Secret band spying on Disneyland guests
THE "Happiest Place on Earth" is also one of the most surveilled - with Disney honchos using the park's wearable MagicBands and smartphone apps to reportedly spy on guests and collect data on not just their buying habits, but also what rides their kids like and who their favourite characters are.
The "unfettered access" to customer data has led to a major boom in operating profit, according to Bloomberg, which reports an 18 per cent jump last year to $US4.5 billion ($A6.3 billion).
Disney has been able to use the info it collects on park guests to study how they operate and find logistic solutions not just in Disneyland, but Disney World as well, Bloomberg says.
The move - when done by tech companies such as Facebook - has been blasted by many in the past. But Disney hasn't gotten the same treatment.
As a result, it's reportedly investing more money into its theme parks than it did when acquiring Pixar, Marvel and Lucasfilm combined.
The company recently rolled out a new virtual reservation system at Disneyland, which has led to reduced waiting times and less overcrowding.
According to Bloomberg, its MagicBand system brought down transaction times by 30 per cent - while also boosting park capacity.
The wearable tech keeps track of guests' spending habits, what they are riding in the park, where they are eating and what characters they're stopping to see. It can also serve as a hotel key and electronic meal plan voucher, should the person be staying at a Disney resort.
Company experts analyse the park smartphone apps, as well, to keep tabs on people's "fast-pass" selections and what they're buying online, Bloomberg reports.
The data mining is ultimately carried out to "keep the parks running with extreme efficiency," according to the outlet - and to find out which television and film properties are the most popular.
"It wasn't always this way," writes Bloomberg's Austin Carr. "Just a decade ago, Disney relied on paper tickets and old-school turnstiles, and, for the most part, didn't know that much more about resort customers than those who came to the park's opening 64 years ago this week.
"Finally recognising the growth of social media and mobile phones late last decade, the company embarked on a $US1 billion ($A1.4 billion) digital transformation of Disney World with the MagicBand, a gizmo that can hold your place in line, make payments and unlock a hotel room door."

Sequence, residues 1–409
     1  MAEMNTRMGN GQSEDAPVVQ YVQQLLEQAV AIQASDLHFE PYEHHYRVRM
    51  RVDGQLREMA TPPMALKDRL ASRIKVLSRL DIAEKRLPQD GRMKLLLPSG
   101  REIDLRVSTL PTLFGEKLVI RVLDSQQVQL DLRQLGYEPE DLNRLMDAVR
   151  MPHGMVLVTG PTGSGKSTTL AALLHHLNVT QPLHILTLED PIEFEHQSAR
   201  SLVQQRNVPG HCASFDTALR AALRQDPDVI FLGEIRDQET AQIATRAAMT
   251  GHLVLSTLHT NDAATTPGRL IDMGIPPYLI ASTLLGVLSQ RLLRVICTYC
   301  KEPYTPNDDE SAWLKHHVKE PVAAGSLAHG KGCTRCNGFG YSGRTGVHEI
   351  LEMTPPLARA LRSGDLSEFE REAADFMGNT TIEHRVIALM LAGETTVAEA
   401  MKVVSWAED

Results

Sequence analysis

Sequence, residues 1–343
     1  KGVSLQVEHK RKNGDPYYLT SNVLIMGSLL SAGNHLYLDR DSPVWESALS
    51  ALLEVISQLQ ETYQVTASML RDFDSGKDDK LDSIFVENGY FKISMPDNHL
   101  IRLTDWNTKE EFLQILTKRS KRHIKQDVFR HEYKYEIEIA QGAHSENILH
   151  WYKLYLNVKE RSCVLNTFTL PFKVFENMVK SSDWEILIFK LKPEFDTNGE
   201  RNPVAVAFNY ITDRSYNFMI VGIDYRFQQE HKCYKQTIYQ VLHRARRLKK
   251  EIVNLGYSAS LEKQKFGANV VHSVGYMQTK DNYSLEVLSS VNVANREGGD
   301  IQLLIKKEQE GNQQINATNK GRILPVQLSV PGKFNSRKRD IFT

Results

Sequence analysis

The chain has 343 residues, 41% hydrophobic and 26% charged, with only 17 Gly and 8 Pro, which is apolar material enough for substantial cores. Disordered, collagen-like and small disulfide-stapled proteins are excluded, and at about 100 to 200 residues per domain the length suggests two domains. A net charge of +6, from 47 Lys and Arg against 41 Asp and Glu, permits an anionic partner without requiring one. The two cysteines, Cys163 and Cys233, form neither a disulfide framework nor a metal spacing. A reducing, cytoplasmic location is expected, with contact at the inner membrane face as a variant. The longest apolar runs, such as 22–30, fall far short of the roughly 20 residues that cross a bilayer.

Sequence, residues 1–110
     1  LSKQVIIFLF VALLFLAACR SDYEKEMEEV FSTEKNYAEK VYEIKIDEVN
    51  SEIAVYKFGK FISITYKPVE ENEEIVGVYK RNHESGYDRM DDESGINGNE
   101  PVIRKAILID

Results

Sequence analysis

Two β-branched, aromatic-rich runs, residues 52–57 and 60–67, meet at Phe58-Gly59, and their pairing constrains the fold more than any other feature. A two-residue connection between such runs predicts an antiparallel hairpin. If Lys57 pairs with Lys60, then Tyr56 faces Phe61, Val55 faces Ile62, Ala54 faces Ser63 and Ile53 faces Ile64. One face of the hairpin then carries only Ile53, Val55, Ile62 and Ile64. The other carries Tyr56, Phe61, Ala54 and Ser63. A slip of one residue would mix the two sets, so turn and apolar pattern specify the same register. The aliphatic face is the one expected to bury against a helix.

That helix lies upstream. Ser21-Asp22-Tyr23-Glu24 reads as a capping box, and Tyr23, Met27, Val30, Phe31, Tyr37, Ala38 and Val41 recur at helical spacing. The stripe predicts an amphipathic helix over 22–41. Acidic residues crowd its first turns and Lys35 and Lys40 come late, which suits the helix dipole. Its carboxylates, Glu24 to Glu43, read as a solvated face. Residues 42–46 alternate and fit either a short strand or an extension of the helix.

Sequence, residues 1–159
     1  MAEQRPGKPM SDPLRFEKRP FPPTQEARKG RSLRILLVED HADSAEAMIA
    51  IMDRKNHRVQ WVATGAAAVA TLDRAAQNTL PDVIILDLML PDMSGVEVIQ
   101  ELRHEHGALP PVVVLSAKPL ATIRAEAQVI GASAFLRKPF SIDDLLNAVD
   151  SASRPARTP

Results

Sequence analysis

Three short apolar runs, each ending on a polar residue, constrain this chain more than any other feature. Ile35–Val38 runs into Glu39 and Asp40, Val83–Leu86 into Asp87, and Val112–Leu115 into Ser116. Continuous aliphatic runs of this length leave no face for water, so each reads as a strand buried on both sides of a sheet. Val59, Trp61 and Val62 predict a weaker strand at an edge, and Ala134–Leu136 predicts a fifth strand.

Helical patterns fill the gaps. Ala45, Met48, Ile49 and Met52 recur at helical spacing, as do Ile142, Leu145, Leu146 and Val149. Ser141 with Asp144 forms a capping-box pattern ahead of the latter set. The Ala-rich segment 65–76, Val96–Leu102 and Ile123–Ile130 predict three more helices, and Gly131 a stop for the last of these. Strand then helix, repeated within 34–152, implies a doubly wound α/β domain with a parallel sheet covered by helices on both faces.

Back in 2013, Disney Chief Executive Bob Iger butted heads with Massachusetts Senator Ed Markey - who recently introduced legislation to protect online "personal information" - over whether the MagicBand system would be unethical.
Senator Markey, then a congressman, reportedly argued that it would be used to keep tabs on children's whereabouts and their personal interests. Mr Iger said the program was "entirely opt-in" and that location data was only collected in aggregate. He blasted Senator Markey's claims as "ludicrous and utterly ill-informed".
"Disney's record and commitment to children's safety and security and the protection of their privacy is exemplary," Iger told the politician in a letter.
"People around the world trust Disney and its products. We are offended by the ludicrous and utterly ill-informed assertion … that we would in any way haphazardly or recklessly introduce a program that manipulates children, or wantonly puts their safety at risk."
Describing the system itself, Mr Iger said: "MyMagic+ is a completely optional program that was designed with privacy controls from the outset.
"Disney does not use personal information to market to children under age 13, does not personalise or target advertisements to an individual child, and never shares children's personal information with any third party for their marketing purposes.
"Additionally, parents have full control over their child's participation in MyMagic+. We have transparent privacy practices, guests can control and limit the amount of information they provide to us - and how their information is used."
Tech experts believe other big name companies would like to mimic the Disney data mining system, but have been unable to do so - partially because they don't have amusement parks or a giant talking mouse catering to kids.
"It's designed to anticipate your desires," wrote Cliff Kuang in a 2015 article for Wired. "Which makes it exactly the type of thing Apple, Facebook, and Google are trying to build. Except Disney World isn't just an app or a phone - it's both, wrapped in an idealised vision of life that's as safely self-contained as a snow globe."
This article originally appeared on the New York Post and was reproduced with permission